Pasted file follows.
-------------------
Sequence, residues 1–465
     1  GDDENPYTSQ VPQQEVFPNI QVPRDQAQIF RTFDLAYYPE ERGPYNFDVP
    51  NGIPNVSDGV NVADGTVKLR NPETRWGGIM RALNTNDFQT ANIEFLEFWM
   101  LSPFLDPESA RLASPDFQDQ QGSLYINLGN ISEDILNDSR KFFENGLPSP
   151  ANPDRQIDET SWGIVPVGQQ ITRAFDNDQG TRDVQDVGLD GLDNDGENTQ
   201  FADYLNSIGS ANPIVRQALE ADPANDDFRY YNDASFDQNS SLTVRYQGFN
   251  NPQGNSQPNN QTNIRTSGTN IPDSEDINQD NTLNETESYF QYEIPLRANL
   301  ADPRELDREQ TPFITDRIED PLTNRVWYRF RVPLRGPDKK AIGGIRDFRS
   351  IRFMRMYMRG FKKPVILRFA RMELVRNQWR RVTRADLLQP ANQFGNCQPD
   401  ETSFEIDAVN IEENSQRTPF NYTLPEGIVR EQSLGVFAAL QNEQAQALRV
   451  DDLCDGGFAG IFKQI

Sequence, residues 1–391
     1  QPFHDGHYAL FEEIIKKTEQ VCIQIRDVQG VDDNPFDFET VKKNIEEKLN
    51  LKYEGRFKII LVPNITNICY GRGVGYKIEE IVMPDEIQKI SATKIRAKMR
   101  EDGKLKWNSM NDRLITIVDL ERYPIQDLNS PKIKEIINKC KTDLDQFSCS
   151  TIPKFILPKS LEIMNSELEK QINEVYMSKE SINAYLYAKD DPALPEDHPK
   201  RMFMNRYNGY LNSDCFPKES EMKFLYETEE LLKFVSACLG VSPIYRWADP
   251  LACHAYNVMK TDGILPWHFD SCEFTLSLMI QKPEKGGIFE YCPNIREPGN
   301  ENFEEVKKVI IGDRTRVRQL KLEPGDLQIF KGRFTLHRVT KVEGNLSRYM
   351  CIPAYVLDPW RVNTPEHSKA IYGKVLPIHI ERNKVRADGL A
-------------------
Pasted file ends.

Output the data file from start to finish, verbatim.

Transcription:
Sequence, residues 1–465
     1  GDDENPYTSQ VPQQEVFPNI QVPRDQAQIF RTFDLAYYPE ERGPYNFDVP
    51  NGIPNVSDGV NVADGTVKLR NPETRWGGIM RALNTNDFQT ANIEFLEFWM
   101  LSPFLDPESA RLASPDFQDQ QGSLYINLGN ISEDILNDSR KFFENGLPSP
   151  ANPDRQIDET SWGIVPVGQQ ITRAFDNDQG TRDVQDVGLD GLDNDGENTQ
   201  FADYLNSIGS ANPIVRQALE ADPANDDFRY YNDASFDQNS SLTVRYQGFN
   251  NPQGNSQPNN QTNIRTSGTN IPDSEDINQD NTLNETESYF QYEIPLRANL
   301  ADPRELDREQ TPFITDRIED PLTNRVWYRF RVPLRGPDKK AIGGIRDFRS
   351  IRFMRMYMRG FKKPVILRFA RMELVRNQWR RVTRADLLQP ANQFGNCQPD
   401  ETSFEIDAVN IEENSQRTPF NYTLPEGIVR EQSLGVFAAL QNEQAQALRV
   451  DDLCDGGFAG IFKQI

Sequence, residues 1–391
     1  QPFHDGHYAL FEEIIKKTEQ VCIQIRDVQG VDDNPFDFET VKKNIEEKLN
    51  LKYEGRFKII LVPNITNICY GRGVGYKIEE IVMPDEIQKI SATKIRAKMR
   101  EDGKLKWNSM NDRLITIVDL ERYPIQDLNS PKIKEIINKC KTDLDQFSCS
   151  TIPKFILPKS LEIMNSELEK QINEVYMSKE SINAYLYAKD DPALPEDHPK
   201  RMFMNRYNGY LNSDCFPKES EMKFLYETEE LLKFVSACLG VSPIYRWADP
   251  LACHAYNVMK TDGILPWHFD SCEFTLSLMI QKPEKGGIFE YCPNIREPGN
   301  ENFEEVKKVI IGDRTRVRQL KLEPGDLQIF KGRFTLHRVT KVEGNLSRYM
   351  CIPAYVLDPW RVNTPEHSKA IYGKVLPIHI ERNKVRADGL A